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Moffett Field CA (SPX) Sep 03, 2010
By rigging large pieces of cloth atop boats, early explorers harnessed the wind to voyage across oceans. Now, modern space explorers want to use sails to send spacecraft to the far reaches of the solar system and beyond. These sails will be made of large, ultra-thin gossamer plastic sheets that, instead of wind, will be propelled using sunlight.
Light particles, or photons, exert a small pressure when they bounce off a reflective surface. Ever since James Maxwell proved that light exerts pressure in the 1860s, space exploration visionaries have talked about solar sailing. Exciting new developments this year are making their vision a reality.
In May, the Japanese Space Exploration Agency successfully launched IKAROS, the first-ever spacecraft to use solar sail for propulsion in space. The spacecraft finished unfurling its sail in June and is now accelerating toward Venus under solar pressure. Two more solar sail launches are on the horizon: NASA plans to launch a sail this fall, while the Planetary Society is aiming for a launch in 2011.
At the second International Symposium on Solar Sailing (ISSS 2010), which was held at the New York City College of Technology in July, 60 experts from around the world unanimously agreed that "solar sail technology is viable for space flight operations." The panel recommended speeding up development and testing the technology.
"Solar sailing is the only known technology we have on Earth that will someday take us to the stars," says Louis Friedman, executive director of The Planetary Society.
Speedy Sunlit Sails
That is because unlike rockets, they don't require fuel and they gain speed constantly as long as light hits them; they can eventually move spacecraft much faster than a rocket.
"If you want to go really quickly to the outer edge of the solar system you'd want to use a solar sail," says Les Johnson, deputy manager of The Advanced Concepts Office at NASA's Marshall Space Flight Center. "A chemical system [such as] a rocket would run out of gas long before you get there. With solar sails, as long as you've got the Sun you can keep going."
Today's solar sails are typically made of aluminum-coated plastic films with a thickness a fraction that of a trash bag. Other lightweight materials such as alumina or carbon fiber are also being tested. To capture as much pressure from sunlight as possible, they need to be big. The Planetary Society's Cosmos-1, which did not reach orbit due to a rocket failure, had a surface area of 600 square meters, about one and a half times the size of a basketball court.
Going to the fringes of the solar system would require very large sails. Johnson imagines next-generation sails would have to be hundreds of meters on a side. They would be deployed close to the Sun to gain thrust and build up immense speed so they could coast the rest of the way through the solar system.
In three years, a solar sail could reach speeds of 150,000 miles an hour. At that speed, it could reach Pluto in less than five years. It took NASA's Voyagers over 12 years to reach a similar distance. The latest spacecraft to head toward Pluto, NASA's New Horizons mission, will take nine years to reach its destination using a combination of rocket propulsion and gravity-assistant maneuvers.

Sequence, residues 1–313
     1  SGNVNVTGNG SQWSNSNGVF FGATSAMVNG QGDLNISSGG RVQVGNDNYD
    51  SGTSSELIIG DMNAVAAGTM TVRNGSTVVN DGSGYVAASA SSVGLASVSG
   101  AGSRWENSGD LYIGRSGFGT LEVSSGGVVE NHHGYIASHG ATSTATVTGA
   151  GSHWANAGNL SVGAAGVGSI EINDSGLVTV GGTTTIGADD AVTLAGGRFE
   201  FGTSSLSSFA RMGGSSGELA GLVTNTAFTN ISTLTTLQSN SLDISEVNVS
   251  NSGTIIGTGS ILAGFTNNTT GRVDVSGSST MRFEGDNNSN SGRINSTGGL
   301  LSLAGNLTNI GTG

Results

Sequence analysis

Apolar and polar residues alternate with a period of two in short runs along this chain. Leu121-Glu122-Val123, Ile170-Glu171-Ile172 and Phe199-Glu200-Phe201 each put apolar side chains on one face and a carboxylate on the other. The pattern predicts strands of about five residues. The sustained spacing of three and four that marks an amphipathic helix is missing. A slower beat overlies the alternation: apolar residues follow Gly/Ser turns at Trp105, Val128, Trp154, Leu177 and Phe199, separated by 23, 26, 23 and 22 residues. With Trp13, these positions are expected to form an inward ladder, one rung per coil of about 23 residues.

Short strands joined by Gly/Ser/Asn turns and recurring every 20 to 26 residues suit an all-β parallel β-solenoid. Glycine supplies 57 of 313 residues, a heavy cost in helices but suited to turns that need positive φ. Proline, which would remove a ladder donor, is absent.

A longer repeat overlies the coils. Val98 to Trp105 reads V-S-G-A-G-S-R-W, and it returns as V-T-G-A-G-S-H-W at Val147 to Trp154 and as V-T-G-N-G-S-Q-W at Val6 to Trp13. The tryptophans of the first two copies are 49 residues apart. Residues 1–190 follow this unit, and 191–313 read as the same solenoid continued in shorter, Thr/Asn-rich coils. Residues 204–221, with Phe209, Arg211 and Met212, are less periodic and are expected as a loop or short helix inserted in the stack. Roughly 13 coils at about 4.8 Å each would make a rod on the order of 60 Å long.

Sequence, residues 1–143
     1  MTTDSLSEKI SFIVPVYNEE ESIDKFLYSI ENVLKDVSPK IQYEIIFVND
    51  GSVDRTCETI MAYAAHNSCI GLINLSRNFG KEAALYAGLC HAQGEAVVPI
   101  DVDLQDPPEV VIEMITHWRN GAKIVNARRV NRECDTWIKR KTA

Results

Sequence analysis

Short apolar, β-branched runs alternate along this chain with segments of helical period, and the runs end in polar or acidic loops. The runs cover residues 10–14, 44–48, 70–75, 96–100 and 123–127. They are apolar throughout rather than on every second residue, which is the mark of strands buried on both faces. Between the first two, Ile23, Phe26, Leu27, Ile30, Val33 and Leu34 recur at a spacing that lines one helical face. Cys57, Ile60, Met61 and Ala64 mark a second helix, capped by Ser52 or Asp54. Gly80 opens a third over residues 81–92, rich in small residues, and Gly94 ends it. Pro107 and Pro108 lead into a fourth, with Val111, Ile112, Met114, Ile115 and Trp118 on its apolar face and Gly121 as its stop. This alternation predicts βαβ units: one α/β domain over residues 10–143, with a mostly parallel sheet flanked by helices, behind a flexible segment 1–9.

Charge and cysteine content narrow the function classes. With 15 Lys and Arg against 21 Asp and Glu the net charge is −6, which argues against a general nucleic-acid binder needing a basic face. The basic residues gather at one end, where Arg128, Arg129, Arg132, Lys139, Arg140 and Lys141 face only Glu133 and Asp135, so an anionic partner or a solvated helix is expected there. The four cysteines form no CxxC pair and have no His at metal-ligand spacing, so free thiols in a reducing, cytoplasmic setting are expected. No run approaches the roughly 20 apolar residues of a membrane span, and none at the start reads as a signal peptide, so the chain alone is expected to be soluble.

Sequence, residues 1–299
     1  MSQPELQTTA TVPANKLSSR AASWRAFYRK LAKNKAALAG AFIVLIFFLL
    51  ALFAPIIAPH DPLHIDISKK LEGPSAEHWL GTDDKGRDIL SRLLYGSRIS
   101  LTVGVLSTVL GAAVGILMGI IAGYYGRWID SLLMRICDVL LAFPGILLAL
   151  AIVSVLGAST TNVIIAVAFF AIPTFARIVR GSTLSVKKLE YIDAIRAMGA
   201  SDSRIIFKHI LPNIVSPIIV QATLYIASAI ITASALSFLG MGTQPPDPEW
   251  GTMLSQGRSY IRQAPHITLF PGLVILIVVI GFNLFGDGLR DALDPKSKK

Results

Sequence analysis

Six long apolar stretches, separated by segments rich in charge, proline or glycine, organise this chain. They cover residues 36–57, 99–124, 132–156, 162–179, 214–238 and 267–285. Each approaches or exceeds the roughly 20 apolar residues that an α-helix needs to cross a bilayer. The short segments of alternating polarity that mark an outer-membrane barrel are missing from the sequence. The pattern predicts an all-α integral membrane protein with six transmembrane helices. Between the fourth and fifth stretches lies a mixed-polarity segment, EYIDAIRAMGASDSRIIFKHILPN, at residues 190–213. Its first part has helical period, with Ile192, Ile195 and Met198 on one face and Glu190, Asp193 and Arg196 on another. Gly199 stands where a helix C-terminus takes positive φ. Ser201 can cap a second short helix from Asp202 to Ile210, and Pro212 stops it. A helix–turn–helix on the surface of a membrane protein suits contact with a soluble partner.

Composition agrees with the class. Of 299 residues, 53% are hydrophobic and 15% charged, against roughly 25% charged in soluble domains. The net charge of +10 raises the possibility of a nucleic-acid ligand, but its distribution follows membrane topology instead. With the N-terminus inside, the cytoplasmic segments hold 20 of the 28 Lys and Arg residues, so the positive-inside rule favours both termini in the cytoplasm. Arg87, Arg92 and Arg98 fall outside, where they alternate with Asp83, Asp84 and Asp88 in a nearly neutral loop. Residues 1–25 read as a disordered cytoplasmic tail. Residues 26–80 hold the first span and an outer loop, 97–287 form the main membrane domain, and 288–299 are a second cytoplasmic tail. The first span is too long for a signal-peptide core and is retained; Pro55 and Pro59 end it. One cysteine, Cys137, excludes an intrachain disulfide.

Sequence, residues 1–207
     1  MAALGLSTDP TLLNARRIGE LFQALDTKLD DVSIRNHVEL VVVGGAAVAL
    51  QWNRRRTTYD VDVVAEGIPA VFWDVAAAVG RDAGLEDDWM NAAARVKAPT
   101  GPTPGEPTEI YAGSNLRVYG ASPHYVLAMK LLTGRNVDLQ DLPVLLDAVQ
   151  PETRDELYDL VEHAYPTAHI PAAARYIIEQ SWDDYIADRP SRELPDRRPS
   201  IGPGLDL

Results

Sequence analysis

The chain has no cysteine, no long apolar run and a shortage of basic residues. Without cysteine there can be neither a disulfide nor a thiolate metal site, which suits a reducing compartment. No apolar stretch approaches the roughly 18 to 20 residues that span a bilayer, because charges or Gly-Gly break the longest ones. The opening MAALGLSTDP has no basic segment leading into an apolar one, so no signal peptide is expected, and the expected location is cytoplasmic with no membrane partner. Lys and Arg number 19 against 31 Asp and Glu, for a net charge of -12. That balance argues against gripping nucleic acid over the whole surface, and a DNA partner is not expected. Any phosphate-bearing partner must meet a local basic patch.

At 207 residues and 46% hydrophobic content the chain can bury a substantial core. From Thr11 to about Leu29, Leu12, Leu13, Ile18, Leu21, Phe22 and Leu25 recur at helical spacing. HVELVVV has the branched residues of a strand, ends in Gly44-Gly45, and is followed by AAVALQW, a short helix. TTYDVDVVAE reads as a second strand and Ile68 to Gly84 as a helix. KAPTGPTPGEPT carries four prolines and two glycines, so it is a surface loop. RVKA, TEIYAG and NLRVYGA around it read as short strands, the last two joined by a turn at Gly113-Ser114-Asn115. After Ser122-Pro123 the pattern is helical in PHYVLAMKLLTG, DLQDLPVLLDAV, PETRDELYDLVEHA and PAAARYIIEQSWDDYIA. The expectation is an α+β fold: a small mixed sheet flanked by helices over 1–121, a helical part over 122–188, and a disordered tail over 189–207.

Friedman believes that a sail-propelled spacecraft for exploring the Kuiper Belt is possible within the next ten years. Beyond the orbit of Jupiter, the energy from sunlight gets too weak to keep sails accelerating, so to go beyond our solar system, a craft could need added thrust. For that, he says, light could be provided by a solar-powered laser placed in orbit around the Sun at a mid-point within the solar system.
Setting Sail for the Future
Between 2001 and 2005, NASA built two 20-meter sails that were successfully tested on the ground under vacuum conditions. But funding for the projects fell through in 2005. About that same time, affordable compact nanosatellites called CubeSats appeared on the scene, presenting a low-cost opportunity to launch a solar sail.
The result was NanoSail-D, a diamond-shaped sail three meters on a side that was made of four triangular blades and was packed into a 4.5-kilogram spacecraft about the size of an airplane carry-on bag. In 2008, NanoSail-D was launched aboard a Falcon-1 rocket that failed to reach orbit.
Scientists at NASA's Marshall Space Flight Center plan to launch NanoSail-D again this fall. Meanwhile, the Planetary Society is building LightSail-1, a 32 square meter sail that will weigh less than 5 kilograms.
Until the launch of the Japanese IKAROS spacecraft this May, no solar sail had ever been deployed in space primarily for propulsion. IKAROS has a solar power sail that uses the Sun's pressure for propulsion and embedded thin-film solar cells to generate power. The square sail with 10 meter sides was deployed and is kept flat because of the craft's spinning motion and weights attached to its four corners. This is unique to the Japanese design, Friedman says, calling the mission a "great achievement and major step toward solar sail flight."
The LightSail and NanoSail, by contrast, deploy the sail using a rigid mast or boom to which the sail's blades are attached. This more traditional design tends to be heavier than the IKAROS design.
Johnson says that the biggest challenge lying ahead for NASA engineers is to make the booms lighter. The lower the sail's overall mass, the more it accelerates from the Sun's force. Researchers are now looking for tough, lightweight materials for the support structure.
Much as the explorers of the past used sails to search for 'new worlds' on the uncharted seas, perhaps one day solar sail technology will allow humans to travel beyond our solar system and visit new and alien worlds elsewhere in our galaxy.
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